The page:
Homeland Security official visits city to discuss response to potential threats

Gary Rasicot, acting assistant secretary of the Department of Homeland Security’s Countering Weapons of Mass Destruction Office, speaks to a reporter at the Federal Air Marshall field office in Atlanta on Wednesday, August 3, 2022. (Arvin Temkar / arvin.temkar@ajc.com)

Credit: arvin.temkar@ajc.com

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Gary Rasicot, acting assistant secretary of the Department of Homeland Security’s Countering Weapons of Mass Destruction Office, speaks to a reporter at the Federal Air Marshall field office in Atlanta on Wednesday, August 3, 2022. (Arvin Temkar / arvin.temkar@ajc.com)

Credit: arvin.temkar@ajc.com

Visit focused on detecting and preventing biological, nuclear or radiological threats

Making sure Atlanta first responders have everything they need to deal with any biological, nuclear or radiological threat is the main priority of the U.S. Department of Homeland Security, which visited the city this week to meet with local leaders.

DHS Countering Weapons of Mass Destruction Office Assistant Acting Secretary Gary Rasicot meet with Atlanta emergency responders, as well as Georgia Bureau of Investigation and Georgia Department of Public Health, this week to discuss threats to the area and anything local agencies need to deal with them.

“When you are talking about chemical, nuclear or biological threats, it takes specialized expertise, training and that’s what we are here to provide,” Rasicot said. “We are very pleased to partner with the city of Atlanta on this and provide this service for them.”

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A US Department of Homeland Security official showcases equipment used by local first responders for nuclear, radiological or biological threat in Atlanta on Wednesday, August 3, 2022. (Arvin Temkar / arvin.temkar@ajc.com)

Credit: arvin.temkar@ajc.com

A US Department of Homeland Security official showcases equipment used by local first responders for nuclear, radiological or biological threat in Atlanta on Wednesday, August 3, 2022. (Arvin Temkar / arvin.temkar@ajc.com)

Credit: arvin.temkar@ajc.com

Combined ShapeCaption
A US Department of Homeland Security official showcases equipment used by local first responders for nuclear, radiological or biological threat in Atlanta on Wednesday, August 3, 2022. (Arvin Temkar / arvin.temkar@ajc.com)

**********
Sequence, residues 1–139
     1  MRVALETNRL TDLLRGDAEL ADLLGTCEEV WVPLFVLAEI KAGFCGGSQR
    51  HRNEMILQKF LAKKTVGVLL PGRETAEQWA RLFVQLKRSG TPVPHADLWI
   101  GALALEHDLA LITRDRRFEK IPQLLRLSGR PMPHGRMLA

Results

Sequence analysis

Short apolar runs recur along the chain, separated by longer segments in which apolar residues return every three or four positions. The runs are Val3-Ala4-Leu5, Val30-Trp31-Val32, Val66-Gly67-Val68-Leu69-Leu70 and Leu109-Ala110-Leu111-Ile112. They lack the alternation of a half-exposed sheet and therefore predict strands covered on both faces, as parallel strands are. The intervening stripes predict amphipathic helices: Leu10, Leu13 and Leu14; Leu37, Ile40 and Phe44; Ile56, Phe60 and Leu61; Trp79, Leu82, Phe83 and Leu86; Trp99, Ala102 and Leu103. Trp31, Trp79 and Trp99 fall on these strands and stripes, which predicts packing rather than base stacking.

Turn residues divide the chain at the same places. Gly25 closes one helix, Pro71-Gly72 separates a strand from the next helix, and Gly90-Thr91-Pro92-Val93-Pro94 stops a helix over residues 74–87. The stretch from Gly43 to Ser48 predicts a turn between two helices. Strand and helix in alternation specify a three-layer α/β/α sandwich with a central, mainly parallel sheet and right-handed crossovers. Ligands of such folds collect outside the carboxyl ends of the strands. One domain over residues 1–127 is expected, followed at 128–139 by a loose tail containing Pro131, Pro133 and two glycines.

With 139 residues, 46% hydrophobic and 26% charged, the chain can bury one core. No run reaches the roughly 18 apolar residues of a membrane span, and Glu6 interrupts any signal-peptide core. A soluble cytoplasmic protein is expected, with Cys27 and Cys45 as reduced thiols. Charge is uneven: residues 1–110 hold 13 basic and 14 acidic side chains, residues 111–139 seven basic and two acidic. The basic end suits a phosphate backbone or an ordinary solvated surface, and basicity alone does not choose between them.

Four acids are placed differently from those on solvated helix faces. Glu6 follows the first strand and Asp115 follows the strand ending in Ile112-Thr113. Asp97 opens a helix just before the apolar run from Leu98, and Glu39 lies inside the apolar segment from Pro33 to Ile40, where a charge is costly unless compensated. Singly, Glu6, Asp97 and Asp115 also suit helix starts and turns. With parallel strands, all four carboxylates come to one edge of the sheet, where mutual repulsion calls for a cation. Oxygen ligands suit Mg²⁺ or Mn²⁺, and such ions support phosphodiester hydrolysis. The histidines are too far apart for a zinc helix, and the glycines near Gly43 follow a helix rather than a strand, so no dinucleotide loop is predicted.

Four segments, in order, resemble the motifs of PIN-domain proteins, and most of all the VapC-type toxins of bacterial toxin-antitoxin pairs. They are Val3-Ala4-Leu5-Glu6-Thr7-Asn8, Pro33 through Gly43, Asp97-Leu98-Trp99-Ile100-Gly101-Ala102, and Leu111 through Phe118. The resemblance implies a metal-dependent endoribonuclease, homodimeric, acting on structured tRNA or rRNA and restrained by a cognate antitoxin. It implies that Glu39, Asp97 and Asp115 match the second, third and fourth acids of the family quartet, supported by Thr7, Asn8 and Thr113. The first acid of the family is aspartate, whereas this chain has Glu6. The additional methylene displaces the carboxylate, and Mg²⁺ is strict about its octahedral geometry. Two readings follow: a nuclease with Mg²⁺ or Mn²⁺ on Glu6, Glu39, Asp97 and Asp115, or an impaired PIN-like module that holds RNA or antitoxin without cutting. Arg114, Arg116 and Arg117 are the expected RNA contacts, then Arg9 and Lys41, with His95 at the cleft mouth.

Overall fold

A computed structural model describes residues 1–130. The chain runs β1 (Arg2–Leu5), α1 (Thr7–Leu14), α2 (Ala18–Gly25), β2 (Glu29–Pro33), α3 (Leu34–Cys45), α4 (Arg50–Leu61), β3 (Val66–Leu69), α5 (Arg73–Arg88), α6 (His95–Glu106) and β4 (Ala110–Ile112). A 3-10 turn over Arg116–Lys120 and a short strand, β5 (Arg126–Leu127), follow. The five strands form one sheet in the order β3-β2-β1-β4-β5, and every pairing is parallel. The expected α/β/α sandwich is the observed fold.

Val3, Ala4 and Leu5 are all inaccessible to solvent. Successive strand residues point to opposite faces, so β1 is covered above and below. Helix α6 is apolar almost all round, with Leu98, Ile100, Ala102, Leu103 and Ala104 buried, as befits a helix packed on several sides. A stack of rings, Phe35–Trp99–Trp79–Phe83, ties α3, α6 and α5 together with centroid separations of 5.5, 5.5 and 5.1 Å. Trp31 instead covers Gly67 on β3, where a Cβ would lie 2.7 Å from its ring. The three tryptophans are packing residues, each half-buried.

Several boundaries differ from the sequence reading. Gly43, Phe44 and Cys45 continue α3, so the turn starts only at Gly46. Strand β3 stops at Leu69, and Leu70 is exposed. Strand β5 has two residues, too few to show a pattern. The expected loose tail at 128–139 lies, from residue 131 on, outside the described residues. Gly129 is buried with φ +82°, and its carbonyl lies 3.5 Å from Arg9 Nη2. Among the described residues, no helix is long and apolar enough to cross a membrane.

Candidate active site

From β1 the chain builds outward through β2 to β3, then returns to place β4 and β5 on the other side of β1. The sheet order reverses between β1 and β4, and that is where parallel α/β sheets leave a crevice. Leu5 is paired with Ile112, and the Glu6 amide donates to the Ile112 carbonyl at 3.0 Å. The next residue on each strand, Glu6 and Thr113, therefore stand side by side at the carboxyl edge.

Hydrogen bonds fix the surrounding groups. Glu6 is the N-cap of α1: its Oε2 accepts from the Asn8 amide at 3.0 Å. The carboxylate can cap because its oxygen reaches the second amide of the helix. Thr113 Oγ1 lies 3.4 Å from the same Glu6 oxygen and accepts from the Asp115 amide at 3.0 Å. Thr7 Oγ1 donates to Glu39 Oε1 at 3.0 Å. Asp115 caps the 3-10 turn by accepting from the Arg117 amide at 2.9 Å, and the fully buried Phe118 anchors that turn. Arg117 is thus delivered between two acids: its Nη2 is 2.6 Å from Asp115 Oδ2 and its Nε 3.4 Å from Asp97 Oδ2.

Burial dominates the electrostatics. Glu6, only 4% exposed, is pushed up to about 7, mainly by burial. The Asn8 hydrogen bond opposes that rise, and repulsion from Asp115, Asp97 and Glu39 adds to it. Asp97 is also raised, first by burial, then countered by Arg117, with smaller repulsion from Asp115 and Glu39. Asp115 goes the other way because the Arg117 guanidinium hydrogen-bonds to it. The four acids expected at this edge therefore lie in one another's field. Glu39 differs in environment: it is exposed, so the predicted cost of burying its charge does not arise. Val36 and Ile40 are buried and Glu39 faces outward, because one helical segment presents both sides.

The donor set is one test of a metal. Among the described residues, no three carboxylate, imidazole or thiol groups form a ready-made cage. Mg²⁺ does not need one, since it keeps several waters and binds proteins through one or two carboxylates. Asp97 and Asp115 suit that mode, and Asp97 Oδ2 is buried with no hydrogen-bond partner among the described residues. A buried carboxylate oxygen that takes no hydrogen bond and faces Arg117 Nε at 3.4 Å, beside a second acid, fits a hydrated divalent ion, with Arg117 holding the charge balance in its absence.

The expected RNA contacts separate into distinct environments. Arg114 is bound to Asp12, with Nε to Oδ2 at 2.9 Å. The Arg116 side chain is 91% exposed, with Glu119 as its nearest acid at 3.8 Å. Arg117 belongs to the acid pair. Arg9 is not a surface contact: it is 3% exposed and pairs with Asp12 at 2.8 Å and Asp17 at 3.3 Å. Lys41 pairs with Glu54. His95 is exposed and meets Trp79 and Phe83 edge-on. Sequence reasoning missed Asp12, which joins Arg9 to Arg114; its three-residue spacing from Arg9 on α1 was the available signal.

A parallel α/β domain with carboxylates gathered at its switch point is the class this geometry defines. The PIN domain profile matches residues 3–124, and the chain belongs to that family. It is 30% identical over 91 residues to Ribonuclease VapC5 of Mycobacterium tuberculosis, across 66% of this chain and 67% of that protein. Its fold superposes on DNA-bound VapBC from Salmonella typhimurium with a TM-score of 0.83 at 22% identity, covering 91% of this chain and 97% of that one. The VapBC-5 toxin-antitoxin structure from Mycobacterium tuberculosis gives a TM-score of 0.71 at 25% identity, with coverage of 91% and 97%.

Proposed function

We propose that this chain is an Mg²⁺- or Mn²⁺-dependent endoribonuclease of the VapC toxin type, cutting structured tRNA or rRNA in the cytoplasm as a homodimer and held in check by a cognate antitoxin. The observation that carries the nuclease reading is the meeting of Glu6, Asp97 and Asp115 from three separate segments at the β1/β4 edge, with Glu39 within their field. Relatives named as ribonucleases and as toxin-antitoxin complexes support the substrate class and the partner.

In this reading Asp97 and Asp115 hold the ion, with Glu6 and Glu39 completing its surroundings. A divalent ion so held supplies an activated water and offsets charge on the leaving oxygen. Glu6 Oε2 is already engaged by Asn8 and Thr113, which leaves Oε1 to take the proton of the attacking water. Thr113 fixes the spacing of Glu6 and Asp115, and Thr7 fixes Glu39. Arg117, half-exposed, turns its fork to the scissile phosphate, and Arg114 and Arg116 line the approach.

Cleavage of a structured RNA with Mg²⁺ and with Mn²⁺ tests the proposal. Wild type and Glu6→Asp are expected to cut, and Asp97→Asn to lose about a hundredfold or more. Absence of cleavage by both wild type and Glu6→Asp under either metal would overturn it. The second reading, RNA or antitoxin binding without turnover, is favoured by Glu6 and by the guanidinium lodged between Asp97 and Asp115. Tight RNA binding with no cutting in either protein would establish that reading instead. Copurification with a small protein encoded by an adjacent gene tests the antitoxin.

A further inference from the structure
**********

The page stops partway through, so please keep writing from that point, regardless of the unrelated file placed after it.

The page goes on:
Credit: arvin.temkar@ajc.com

Credit: arvin.temkar@ajc.com

Atlanta is part of two DHS programs, Securing the Cities, which helps cities detect and prevent nuclear or radiological threats, and BioWatch, which helps detect and prevent biological threats. Rasicot said department officials try to meet with every jurisdiction in the program.

“While our programs are national and federal in nature, they are locally executed. No city is the same, so you need to get out and talk to the people that are on the ground doing it to make sure you are providing them what they need,” he said. “Before something happens, we strive to make sure they are as prepared as possible to detect threats and respond to them before they actually become something.”

As the home of the world’s busiest airport and the CDC and host to major events, Atlanta must be prepared, Rasicot said.

“We work hard to make sure all of your local first responders have the information they need, the equipment they need and the training they need, long before the events occur,” he said.

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Brian Kuleski, Department of Homeland Security division director for the mobile detection deployment program, poses in Atlanta with a device that monitors gamma and nuclear radiation on Wednesday, August 3, 2022. (Arvin Temkar / arvin.temkar@ajc.com)

Credit: arvin.temkar@ajc.com

Brian Kuleski, Department of Homeland Security division director for the mobile detection deployment program, poses in Atlanta with a device that monitors gamma and nuclear radiation on Wednesday, August 3, 2022. (Arvin Temkar / arvin.temkar@ajc.com)

Credit: arvin.temkar@ajc.com

Combined ShapeCaption
Brian Kuleski, Department of Homeland Security division director for the mobile detection deployment program, poses in Atlanta with a device that monitors gamma and nuclear radiation on Wednesday, August 3, 2022. (Arvin Temkar / arvin.temkar@ajc.com)

Credit: arvin.temkar@ajc.com

Credit: arvin.temkar@ajc.com

Brian Kuleski, division director for DHS’ mobile detection program, said being able to provide high-tech equipment to local jurisdictions helps address potential threats.

“It’s good for us to be mindful of what is out there in the environment, and we need to always be proactive trying to prevent something from happening,” he said.

Rasicot said DHS provides millions of dollars of funding through grants to local jurisdictions.

“The dedication shown by first responders in this city, every resident should be proud,” he said. These guys want to do a good job, want to make sure they have the best equipment and the best knowledge to do a good job. They are all in, in protecting Atlanta.”